Oslo-based electro-pop outfit BLØSH will deliver their debut album Keep Bleeding, Keep Breathing on February 12 but leading up the polished project, produced by Grammy nominee Øyvind Gundersen, the duo have delivered an exclusive stream a week early. Comprised of guitarist Jørgen Berg Svela and Madrid-born cellist/singer Teresa Bernabé, the two have been busy carving out a name for themselves with their infectious sound, which consists of upbeat guitar riffs, silky vocals, masterful harmonies and gorgeous cello.

With all the markings of a band on the rise - sonic style, penned vision and support from legends like Paul McCartney who voiced his support for Teresa's unconventional cello playing - BLØSH's debut album is set to mark the beginning. Stream Keep Bleeding, Keep Breathing a week before its official release and read our interview with the duo below.

How did BLØSH form as a duo and what vision brought you two together?

We met at uni in Liverpool in 2010. We were both studying music and started playing in each other's solo projects. We soon figured out that we worked much better as a team and canned all the other projects to start BLØSH instead.

What are your backstories as individual artists and how did forming a duo ensure you could really fulfill your artistic visions?

Teresa has a classical cello degree and Jørgen studied jazz guitar before we both came to Liverpool to study pop music. Our former studies have probably given us a certain technical and theoretical baggage that we can bring to the table when making pop music, but the real essence of BLØSH (sounds like a perfume,) are the references and influences we found together. When different people listen to the same music. the outcome of that is always gonna be more unique than on your own: that's definitely our biggest strength.

Your debut album Keep Bleeding, Keep Breathing - what was the process like of putting it together?

It was long. No, but it took a while to get going because we were still finding our style at first. After we finished one of our first singles 'Keep Your Tongue' we knew we were on the right track though. After that, things really came together and the album was recorded very naturally.

How were the recording sessions and writing sessions?

We usually write the songs and do a demo of the production at home. It's really nice to just bash out some drums, bass and keys when you have the melodic idea because you are just pure creativity. If you hear our demos you'll probably laugh at the quality, but to us we can hear where it "could go" and to us that's what demos are for. When we bring the songs to the studio we always play the track to Øyvind (our producer) and we come up with an angle on how to record it.

How did Grammy nominated producer Øyvind Gundersen get involved with it? What did you learn from that experience?

We toured with Øyvind when we were all playing in Mikhael Paskalev's live band. On tour we played him a couple of tracks and he loved it. After that we started going to his studio and worked on the tracks, one thing led to another and now we have our debut album. It's really been great working with Øyvind. He's brutally honest in a way that makes you trust him, not hate him. You understand that you are all on the same team and he brings a style to the table that we just don't have on our own. We definitely owe him a lot.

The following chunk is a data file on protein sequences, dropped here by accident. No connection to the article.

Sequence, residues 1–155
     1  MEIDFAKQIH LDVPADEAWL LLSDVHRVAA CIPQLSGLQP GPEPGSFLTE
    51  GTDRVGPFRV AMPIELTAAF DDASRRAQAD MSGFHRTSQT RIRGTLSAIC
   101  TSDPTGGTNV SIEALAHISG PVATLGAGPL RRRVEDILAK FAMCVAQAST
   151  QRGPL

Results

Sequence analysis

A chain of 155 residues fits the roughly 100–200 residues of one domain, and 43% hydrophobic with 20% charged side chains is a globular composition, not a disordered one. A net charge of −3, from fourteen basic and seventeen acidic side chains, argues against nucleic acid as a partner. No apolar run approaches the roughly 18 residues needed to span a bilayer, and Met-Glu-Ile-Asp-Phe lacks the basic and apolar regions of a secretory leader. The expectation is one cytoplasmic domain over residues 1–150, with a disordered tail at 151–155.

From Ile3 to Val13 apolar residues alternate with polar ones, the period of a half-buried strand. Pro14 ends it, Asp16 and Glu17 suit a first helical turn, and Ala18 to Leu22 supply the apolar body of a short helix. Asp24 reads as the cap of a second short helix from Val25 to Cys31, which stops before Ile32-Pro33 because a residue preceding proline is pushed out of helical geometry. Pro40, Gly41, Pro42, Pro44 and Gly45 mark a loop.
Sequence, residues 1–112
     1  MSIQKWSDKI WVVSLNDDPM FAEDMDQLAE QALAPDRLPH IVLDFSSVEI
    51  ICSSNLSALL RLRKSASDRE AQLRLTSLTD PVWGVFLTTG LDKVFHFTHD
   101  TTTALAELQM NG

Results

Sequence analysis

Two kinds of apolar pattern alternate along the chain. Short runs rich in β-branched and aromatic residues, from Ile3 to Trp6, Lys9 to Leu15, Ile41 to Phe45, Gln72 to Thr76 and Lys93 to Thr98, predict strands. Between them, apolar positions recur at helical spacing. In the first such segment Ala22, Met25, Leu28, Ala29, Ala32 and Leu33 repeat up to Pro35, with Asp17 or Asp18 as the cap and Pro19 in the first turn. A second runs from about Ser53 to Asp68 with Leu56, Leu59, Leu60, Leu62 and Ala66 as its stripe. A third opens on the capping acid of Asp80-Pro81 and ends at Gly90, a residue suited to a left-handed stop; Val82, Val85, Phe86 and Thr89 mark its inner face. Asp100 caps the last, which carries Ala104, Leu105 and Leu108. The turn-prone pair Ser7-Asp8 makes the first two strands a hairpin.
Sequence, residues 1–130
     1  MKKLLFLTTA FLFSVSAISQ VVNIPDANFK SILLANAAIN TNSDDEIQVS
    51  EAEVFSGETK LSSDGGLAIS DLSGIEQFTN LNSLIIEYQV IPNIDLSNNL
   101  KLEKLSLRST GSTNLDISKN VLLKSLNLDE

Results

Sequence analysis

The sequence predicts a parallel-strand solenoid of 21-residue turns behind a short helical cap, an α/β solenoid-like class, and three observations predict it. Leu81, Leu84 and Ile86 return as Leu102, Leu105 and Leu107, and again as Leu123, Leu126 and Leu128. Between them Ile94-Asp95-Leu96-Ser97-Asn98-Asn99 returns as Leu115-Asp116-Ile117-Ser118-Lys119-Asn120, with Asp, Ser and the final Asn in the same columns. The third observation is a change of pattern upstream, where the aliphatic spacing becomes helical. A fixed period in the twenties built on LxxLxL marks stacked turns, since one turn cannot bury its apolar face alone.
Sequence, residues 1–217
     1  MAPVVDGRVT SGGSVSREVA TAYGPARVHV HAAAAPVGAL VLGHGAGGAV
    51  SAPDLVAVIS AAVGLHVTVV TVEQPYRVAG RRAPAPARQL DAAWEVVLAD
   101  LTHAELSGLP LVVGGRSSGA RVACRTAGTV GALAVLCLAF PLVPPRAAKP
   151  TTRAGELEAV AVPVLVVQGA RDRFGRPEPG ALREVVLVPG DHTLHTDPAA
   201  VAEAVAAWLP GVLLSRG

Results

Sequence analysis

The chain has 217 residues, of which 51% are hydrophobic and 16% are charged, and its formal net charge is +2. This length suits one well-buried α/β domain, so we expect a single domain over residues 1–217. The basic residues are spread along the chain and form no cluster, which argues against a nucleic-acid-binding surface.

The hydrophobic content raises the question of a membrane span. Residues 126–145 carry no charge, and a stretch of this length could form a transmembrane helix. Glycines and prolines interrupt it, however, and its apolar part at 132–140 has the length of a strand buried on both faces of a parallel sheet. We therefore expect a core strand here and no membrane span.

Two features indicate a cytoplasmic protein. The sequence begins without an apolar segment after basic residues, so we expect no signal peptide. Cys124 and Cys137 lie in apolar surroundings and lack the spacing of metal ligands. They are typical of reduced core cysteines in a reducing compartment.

Your music has a throwback indie-pop feel to it. What personal nostalgic memories from your own life do you find that you've weaved into the themes on your debut album?

It's definitely a personal album - but it's a pretty up-to-date album as far as memories go. A lot of the tracks are reflections about the last couple of years after we moved back to Oslo. Some of them are dark, some of them are happy and all of them are trying to say "hey - we're gonna be fine!"

What are some of your favourite debut albums that helped inspire you as fans of music?

Wow. So many, and they might not be the first you think of when you hear BLØSH. Tom Waits - Closing Time, Rage Against the Machine - Rage Against the Machine, Simon & Garfunkel - Wednesday Morning 3am, The Beatles - Please Please Me, Talking Heads - 77 and many more. One of the amazing things about debut records is that they often include a lot of lovely imperfections. It makes these superstars sound human and in our eyes even more interesting.

What does Keep Bleeding, Keep Breathing represent for you personally and in your careers now that it is ready for release? How do you feel about what you've done and what the world will soon hear?

Right now it is so all-consuming it represents everything! We feel very excited and terribly nervous at the same time, but overall we are just very proud of what we've done because we've done it with no restrictions and on our own terms. We believe in this record with all our heart so all we can do now is put it out and hope you guys like it as well.

Keep Bleeding, Keep Breathing is a powerful title that represents persistence. How does that title best represent your journey as a duo to date?

The title really sums up the journey we've had. It's a lot of hard work making a record and whenever something hits you in the face you have to shake it off and keep going. Persistence is probably the most important quality you can have when building a project. That, and a ridiculous love for what you do.